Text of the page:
Several pieces of evidence suggest the existence of a relationship between neuroendocrine and immune systems. Prolactin (PRL) has been demonstrated to modulate some immune responses and its influence seems to be permissive or inhibitory depending on its concentration. Previous studies have reported a reduced natural killer (NK) cell function in patients with hyperprolactinemia. In 36 patients (34 females and 2 males, aged 14-46 years) with hyperprolactinemia (mean ± SEM PRL 142.2 ± 42.1 μg/1) of tumorous (19 patients) and functional (17 patients) origins, NK activity of peripheral blood lymphocytes (PBL) was studied. Patients had NK cell activity against the K562 cell line which did not differ from that of lymphocytes from 36 age- and sex-matched healthy donors (mean ± SEM lytic units (UL) 619.0 ± 103.0 and 513.9 ± 52.6 respectively). No correlation between PRL levels and LU values was found (r = 0.28) When patientswith tumors or functional hyperprolactinemia were separately analysed no difference was found between these two groups (mean ± SEM LU 690.0 ± 117.7 vs. 606.0 ± 148.8). In conclusion, our data demonstrate that neither the elevated PRL levels nor the PRL-secreting tumor per se interfere with th NK system of hyperprolactinemic patients.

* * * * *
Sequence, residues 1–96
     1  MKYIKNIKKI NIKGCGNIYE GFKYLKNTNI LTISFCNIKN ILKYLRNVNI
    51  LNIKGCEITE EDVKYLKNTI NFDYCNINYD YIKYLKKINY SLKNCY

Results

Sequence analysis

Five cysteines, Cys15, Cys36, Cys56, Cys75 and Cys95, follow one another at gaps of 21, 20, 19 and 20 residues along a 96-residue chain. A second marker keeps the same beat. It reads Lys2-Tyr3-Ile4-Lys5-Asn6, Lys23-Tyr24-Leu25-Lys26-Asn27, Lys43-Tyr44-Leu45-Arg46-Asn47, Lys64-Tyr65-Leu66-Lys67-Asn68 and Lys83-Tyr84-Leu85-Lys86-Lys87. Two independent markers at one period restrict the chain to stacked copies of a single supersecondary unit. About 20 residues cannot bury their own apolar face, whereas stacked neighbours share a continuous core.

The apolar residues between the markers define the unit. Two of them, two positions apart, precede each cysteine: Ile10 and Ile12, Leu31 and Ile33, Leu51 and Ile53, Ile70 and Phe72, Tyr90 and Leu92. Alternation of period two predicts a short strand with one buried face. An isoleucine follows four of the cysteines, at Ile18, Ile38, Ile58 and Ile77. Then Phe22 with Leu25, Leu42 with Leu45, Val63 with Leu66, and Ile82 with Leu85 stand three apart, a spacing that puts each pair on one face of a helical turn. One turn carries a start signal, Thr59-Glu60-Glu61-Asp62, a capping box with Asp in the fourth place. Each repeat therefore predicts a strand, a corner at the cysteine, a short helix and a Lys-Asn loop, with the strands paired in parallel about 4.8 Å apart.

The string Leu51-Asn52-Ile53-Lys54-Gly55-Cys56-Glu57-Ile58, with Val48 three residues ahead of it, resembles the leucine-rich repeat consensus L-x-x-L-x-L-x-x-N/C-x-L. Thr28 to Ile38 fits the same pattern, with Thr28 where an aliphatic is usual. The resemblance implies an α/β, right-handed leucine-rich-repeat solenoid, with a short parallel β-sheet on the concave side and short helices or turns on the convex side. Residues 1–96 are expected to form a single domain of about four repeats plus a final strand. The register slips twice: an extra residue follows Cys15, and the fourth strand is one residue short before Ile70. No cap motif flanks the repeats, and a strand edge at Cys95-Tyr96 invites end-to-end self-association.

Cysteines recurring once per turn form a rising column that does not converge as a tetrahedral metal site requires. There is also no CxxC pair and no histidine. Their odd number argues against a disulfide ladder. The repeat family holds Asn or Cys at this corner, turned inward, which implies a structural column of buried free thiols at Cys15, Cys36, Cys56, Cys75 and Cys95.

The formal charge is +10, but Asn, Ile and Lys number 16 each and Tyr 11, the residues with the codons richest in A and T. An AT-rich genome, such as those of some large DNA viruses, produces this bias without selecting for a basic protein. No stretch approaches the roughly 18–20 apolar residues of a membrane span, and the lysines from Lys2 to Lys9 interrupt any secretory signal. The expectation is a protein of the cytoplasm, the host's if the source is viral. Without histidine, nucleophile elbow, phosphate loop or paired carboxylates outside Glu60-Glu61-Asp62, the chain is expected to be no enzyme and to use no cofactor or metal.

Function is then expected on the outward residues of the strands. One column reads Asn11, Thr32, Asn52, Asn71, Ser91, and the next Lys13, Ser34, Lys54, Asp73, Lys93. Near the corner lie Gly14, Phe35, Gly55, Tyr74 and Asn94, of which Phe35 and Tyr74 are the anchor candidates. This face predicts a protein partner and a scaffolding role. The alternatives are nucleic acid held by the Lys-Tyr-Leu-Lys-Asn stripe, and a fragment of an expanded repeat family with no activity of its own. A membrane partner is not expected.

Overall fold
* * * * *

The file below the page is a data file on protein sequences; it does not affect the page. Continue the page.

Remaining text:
- Natural killer cell
ASJC Scopus subject areas